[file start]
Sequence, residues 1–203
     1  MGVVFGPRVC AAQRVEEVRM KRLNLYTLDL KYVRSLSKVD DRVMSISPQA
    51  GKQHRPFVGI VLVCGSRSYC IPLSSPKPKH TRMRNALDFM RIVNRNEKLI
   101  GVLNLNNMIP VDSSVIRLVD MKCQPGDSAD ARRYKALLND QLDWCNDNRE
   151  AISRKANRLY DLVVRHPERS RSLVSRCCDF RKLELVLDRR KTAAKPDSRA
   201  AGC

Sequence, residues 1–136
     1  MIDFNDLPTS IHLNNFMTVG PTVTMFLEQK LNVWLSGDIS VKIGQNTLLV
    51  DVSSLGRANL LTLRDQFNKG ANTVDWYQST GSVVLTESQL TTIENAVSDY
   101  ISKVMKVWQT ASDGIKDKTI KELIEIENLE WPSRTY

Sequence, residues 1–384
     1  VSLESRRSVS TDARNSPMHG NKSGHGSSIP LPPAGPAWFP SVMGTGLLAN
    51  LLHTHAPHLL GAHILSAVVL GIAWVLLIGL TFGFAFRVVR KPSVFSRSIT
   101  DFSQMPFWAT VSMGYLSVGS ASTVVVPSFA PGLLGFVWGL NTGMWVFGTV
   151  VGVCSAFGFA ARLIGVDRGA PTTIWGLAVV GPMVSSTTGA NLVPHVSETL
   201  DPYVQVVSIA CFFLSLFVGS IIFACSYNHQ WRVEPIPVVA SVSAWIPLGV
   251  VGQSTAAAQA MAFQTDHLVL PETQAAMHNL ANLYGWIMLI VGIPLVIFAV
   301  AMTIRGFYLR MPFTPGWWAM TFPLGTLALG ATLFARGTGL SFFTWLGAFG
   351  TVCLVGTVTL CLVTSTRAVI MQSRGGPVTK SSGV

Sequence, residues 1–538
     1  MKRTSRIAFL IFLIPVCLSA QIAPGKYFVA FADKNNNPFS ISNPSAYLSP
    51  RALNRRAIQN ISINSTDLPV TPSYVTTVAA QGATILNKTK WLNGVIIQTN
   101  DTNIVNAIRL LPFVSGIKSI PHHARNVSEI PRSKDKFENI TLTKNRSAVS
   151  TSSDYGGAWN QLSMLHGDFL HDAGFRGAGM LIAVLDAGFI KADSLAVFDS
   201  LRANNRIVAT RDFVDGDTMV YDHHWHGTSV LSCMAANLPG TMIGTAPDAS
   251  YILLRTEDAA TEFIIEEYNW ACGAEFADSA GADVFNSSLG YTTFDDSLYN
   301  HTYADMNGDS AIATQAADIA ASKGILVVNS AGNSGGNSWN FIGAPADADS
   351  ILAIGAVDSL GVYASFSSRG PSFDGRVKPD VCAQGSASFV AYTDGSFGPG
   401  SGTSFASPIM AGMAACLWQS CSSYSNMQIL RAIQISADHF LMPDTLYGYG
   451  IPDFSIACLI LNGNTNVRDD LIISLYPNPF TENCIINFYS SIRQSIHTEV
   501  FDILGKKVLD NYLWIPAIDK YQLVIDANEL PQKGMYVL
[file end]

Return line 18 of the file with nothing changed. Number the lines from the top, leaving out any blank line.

   301  AMTIRGFYLR MPFTPGWWAM TFPLGTLALG ATLFARGTGL SFFTWLGAFG